I haven't talked about this last chapter much in the blog mainly because I haven't gotten to revising it yet. In it, I am attempting to carefully analyze the way that race-based systems of power are created and perpetuated through language. To do this, I am discussing how a group of privileged white women social activists adopted racialized language to create power for themselves at a critical political moment. This choice cost them their alliance with most white advocates of a comparatively more egalitarian racial vision and with most African-American activists. In this moment, I argue, they deliberately and explicitly chose to "play the race card" in order to capitalize on the power of their whiteness, and unfortunately, they did this in the name of gender equality.
I had opted to use the word "racist" here because of its impact, and, essentially, use it to make a judgment because traditionally most historians (with a few critical exceptions) have been extremely reluctant to acknowledge this group's use of race to advance their own power. I wanted to, essentially, lay the smack down on this issue. Woman suffragists hold a hallowed place in the literature, particularly among women's historians, who I have found to be hostile to (or at least uncomfortable with) the idea that the “feminist foremothers” made some pretty reprehensible choices in their early campaign for (white) women's equality.
If the last chapter was about the "redemption" of the South, or the resurgence of white supremacy in the post-Reconstruction era, I'd totally be with you on the title. But, as it is, I had thought to shake things up a bit and to declare definitively that these women were using white skin privilege to advance their own power at the expense of others, particularly African-American women. I will keep thinking about it, though, because my use of the term may be ahistorical and imprecise. Thank you so much for the reminder to be historically rigorous, particularly on this issue that is quite central to my project. In the next few months as I get to this chapter, I will keep these thoughts in mind.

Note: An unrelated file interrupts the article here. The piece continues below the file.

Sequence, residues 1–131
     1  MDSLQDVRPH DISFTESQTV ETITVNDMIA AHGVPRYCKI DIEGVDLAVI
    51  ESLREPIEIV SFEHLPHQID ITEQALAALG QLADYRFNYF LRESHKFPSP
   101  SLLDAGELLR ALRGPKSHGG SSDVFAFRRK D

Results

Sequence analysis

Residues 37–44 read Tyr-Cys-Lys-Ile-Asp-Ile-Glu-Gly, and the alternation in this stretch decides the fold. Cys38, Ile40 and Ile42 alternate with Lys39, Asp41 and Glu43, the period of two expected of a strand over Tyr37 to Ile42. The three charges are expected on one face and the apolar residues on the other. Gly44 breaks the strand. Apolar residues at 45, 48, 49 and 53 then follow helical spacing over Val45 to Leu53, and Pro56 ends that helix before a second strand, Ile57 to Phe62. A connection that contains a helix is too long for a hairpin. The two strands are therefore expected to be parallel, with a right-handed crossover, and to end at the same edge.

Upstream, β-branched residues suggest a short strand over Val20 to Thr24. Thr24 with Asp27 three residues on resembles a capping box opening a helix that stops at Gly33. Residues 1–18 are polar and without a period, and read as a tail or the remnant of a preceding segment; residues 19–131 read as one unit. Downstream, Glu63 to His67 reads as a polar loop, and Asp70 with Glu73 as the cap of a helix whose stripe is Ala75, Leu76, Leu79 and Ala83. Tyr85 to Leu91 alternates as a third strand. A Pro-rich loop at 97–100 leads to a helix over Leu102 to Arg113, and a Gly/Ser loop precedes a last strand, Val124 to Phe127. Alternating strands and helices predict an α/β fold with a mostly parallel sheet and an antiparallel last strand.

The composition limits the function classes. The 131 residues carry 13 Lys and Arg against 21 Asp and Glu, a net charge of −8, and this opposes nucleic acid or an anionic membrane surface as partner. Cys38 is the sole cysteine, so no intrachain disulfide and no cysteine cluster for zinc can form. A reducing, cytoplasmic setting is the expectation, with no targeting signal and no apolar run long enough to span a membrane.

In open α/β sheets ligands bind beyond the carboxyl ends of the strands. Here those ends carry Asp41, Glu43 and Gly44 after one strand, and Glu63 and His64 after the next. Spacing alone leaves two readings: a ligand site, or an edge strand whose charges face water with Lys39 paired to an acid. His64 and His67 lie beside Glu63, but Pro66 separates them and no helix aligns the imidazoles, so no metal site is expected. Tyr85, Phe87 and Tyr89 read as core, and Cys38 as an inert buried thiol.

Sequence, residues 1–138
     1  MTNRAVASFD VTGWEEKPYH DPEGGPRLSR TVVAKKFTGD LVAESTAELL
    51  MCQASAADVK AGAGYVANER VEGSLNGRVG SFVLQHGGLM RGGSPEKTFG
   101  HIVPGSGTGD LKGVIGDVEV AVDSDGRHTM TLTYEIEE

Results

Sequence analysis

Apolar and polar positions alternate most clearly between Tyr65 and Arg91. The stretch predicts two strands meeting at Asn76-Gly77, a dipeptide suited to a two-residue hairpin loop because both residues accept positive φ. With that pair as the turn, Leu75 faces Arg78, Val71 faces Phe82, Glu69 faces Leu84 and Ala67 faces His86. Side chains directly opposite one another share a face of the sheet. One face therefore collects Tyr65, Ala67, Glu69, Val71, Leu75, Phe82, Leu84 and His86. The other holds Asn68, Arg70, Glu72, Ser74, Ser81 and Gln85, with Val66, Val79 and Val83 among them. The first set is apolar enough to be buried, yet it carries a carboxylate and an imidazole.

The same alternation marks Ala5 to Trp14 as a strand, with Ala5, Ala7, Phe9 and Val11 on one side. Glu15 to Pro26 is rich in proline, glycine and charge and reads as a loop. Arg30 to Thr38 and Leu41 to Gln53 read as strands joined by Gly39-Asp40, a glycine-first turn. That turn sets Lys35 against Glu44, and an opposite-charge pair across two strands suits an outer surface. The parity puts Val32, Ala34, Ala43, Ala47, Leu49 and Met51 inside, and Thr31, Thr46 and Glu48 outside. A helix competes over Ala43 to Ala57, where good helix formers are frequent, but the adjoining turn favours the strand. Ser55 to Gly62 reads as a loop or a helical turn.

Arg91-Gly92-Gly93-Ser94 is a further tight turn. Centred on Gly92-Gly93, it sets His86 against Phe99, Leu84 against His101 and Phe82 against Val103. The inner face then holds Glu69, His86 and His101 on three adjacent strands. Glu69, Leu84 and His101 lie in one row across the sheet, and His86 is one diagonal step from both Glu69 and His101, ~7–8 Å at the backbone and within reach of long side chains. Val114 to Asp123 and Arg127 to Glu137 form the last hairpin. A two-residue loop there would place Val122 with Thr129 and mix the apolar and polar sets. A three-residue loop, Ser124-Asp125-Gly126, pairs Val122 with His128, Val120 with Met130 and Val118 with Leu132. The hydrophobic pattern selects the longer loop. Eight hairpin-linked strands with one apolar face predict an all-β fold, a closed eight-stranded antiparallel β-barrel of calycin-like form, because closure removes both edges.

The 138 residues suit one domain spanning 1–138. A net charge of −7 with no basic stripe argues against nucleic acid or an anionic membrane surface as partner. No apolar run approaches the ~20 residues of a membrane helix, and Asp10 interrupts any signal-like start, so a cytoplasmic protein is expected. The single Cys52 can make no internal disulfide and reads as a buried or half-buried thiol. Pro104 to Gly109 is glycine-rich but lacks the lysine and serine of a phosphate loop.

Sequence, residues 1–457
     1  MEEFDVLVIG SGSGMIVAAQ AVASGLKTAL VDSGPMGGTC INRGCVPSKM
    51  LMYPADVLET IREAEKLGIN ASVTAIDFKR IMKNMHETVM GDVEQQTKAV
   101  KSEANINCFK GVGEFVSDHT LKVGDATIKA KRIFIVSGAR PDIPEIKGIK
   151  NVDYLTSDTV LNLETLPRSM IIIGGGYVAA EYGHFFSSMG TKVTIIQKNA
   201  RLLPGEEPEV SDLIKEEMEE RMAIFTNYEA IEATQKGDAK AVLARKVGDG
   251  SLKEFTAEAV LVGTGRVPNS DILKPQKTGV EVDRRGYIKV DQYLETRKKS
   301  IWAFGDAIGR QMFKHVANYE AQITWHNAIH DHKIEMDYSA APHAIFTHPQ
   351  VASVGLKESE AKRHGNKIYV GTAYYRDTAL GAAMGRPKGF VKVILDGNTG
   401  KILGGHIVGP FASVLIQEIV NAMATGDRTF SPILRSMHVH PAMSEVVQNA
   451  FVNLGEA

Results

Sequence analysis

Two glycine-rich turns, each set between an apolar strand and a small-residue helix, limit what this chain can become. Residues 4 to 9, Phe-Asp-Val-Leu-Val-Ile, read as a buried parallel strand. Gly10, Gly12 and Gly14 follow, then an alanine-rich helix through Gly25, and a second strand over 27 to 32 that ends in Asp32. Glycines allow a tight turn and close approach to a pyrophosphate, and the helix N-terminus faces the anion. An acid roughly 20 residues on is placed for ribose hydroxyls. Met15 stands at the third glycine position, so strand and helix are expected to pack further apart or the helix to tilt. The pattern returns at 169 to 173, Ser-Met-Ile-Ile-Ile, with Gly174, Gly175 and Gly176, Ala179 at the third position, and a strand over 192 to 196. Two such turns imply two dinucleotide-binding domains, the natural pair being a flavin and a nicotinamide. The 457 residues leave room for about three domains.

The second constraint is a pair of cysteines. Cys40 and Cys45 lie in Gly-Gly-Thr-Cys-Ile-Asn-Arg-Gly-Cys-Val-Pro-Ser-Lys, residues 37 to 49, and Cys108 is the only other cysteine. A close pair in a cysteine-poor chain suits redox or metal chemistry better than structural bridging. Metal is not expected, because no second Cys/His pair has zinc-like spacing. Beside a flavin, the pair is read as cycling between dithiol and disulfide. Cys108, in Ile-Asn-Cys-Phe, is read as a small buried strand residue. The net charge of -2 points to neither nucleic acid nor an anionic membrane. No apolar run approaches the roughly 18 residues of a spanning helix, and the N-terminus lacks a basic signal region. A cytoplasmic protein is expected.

- At 8:37 AM Stewgad said...
Iced Decaf Mochas are the closest I can get to a milkshake and still think I'm virtuous because I'm not actually having a milkshake, I'm drinking coffee. :)
I loved your post a while back on what that says about me from the Starbucks Oracle: Yes, I readily admit it, I am a freak. I also often order it with skim milk. Which, is even more ridiculous. What is the point, really? No caffeine, no fat, sheesh. But again, I say think Milkshake....
- At 6:43 PM Wanna Be PhD said...
Yeah, loved the Starbucks Oracle, too.
Regarding the screaming kid's choice, I'd go for the Super Deluxe Enormous Brownie.
I think if all your chapter headings start with "the" it's pretty cool. Kind of a pattern.
- At 10:15 PM New Kid on the Hallway said...
Yes, definitely skim milk! And I skip the whipped cream (as lame as it sounds, I just don't like whipped cream, except sometimes on fruit when it's the real deal). One of the guys at the local coffee place just looks at me like I'm nuts when I order this. ;-)
- At 8:59 AM Stewgad said...
We are clearly the same person. I always skip the whip. I am particularly picky about my whipped cream. It has to be Real whipped cream made at home with powdered sugar and bourbon and vanilla or nothing The stuff that comes out of a can is just not worth bothering with.
- At 11:31 PM Ruth said...